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Stroke Center


NYM's Stroke Center offers rapid evaluation of stroke patients and advanced treatments that can reverse damage caused by stroke. Our specialists are involved in the study and employment of the most advanced approaches and equipment in stroke care today.

NYM's designation as a "Stroke Center" by the New York State Department of Health indicates that we have a full team of specialists on call twenty-four hours a day to respond to stroke emergencies. We are also the only hospital in Brooklyn recognized by the American Stroke Association  as a "Get With The Guidelines-Stroke (GWTG-Stroke) Gold Plus Performance Achievement Award" winner, as well as a member of "the Target: Stroke Honor Roll."

Rapid emergency response to stroke is crucial and traveling long distances for care in a stroke emergency is not an option. This is why providing advanced stroke evaluation, treatment, and care right here in Brooklyn is a major priority for New York Methodist Hospital and for the communities it serves.

About Stroke

Stroke is now the third leading cause of death and a leading cause of disability, with almost 800,000 Americans experiencing a stroke every year.

A stroke ("brain attack") comes in two forms: ischemic stroke and hemorrhagic stroke.

Eighty-three percent of all stroke emergencies are ischemic. An ischemic stroke can be caused by complications from smoking, high cholesterol, diabetes, and high blood pressure (hypertension), which all can lead to the narrowing of arteries in the brain.

Hemorrhagic stroke is less common but potentially more dangerous. Hemorrhagic stroke can be caused by high blood pressure and/or aneurysms (weak spots in blood vessel walls) resulting in a blood vessel leak or rupture in the brain.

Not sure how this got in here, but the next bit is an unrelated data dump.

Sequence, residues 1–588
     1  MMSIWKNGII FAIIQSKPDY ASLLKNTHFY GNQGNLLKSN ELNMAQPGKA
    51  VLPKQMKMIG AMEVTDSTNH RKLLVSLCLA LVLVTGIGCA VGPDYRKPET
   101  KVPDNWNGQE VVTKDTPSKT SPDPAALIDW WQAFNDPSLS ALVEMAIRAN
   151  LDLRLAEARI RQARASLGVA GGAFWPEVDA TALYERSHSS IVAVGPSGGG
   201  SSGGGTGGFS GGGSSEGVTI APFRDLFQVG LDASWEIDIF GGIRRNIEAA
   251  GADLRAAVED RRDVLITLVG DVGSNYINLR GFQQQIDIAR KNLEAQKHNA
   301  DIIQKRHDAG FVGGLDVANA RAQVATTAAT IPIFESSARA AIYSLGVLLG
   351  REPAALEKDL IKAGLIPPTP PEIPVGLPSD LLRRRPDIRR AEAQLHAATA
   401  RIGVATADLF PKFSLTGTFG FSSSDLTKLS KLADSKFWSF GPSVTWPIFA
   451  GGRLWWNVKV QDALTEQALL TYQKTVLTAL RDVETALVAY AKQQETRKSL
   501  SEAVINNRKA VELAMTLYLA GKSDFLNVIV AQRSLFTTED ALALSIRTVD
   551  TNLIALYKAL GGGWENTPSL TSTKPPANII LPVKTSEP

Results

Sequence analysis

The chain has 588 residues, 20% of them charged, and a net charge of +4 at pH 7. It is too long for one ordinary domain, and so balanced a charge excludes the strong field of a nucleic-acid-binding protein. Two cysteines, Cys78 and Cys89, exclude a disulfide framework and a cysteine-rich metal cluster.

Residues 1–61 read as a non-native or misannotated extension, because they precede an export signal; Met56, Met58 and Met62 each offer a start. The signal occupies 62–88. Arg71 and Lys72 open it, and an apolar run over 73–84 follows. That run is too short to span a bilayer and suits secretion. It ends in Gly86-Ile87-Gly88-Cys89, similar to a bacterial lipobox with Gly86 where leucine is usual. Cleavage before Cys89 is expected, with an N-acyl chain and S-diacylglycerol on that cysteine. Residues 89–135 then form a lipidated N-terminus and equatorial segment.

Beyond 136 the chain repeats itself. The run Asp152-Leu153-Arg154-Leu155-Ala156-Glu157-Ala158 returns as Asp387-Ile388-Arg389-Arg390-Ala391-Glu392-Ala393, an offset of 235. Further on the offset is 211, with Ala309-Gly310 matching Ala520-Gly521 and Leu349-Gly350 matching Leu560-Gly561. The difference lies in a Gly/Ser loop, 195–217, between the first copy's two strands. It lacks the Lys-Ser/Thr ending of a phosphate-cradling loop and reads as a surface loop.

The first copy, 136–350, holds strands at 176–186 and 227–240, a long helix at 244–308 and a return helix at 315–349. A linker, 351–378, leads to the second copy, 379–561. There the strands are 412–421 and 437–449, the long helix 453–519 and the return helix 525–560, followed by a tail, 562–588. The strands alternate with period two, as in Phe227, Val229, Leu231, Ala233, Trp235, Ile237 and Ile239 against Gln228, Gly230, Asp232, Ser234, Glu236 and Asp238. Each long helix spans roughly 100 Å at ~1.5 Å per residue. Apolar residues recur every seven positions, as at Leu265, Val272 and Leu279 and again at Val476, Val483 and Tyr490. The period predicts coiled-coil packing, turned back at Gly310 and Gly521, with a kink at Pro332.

Strokes should be assessed and treated quickly in a certified stroke center by experts.

Know the Signs of Stroke

Time is of the essence in treating any kind of stroke. Studies show that patients receive faster treatment for stroke if they arrive by ambulance rather than coming to the emergency room on their own.

Anyone experiencing or observing any warning signs of stroke should immediately call 9-1-1 for emergency assistance. Warning signs include the following:

  • Sudden numbness or weakness of the face, arm or leg, especially on one side of the body
  • Sudden confusion, trouble speaking or understanding
  • Sudden trouble seeing in one or both eyes
  • Sudden trouble walking, dizziness, loss of balance or coordination
  • Sudden, severe headache with no known cause

An easy way to remember the signs of stroke, and how to respond in a potential emergency, is with the acronym "F.A.S.T." The National Stroke Association's F.A.S.T. test advises the following guidelines for assessing a potential stroke emergency:

  • Face: Ask the person to smile. Check to see if one side of the face droops.
  • Arms:  Ask the person to raise both arms. See if one arm drifts downward.
  • Speech:  Ask the person to repeat a simple sentence. Check to see if words are slurred and if the sentence is repeated correctly.
  • Time:  If a person shows any of these symptoms, it is crucial to call 9-1-1 and deliver the person to emergency care as quickly as possible.

Evaluation and Treatment at the NYM Stroke Center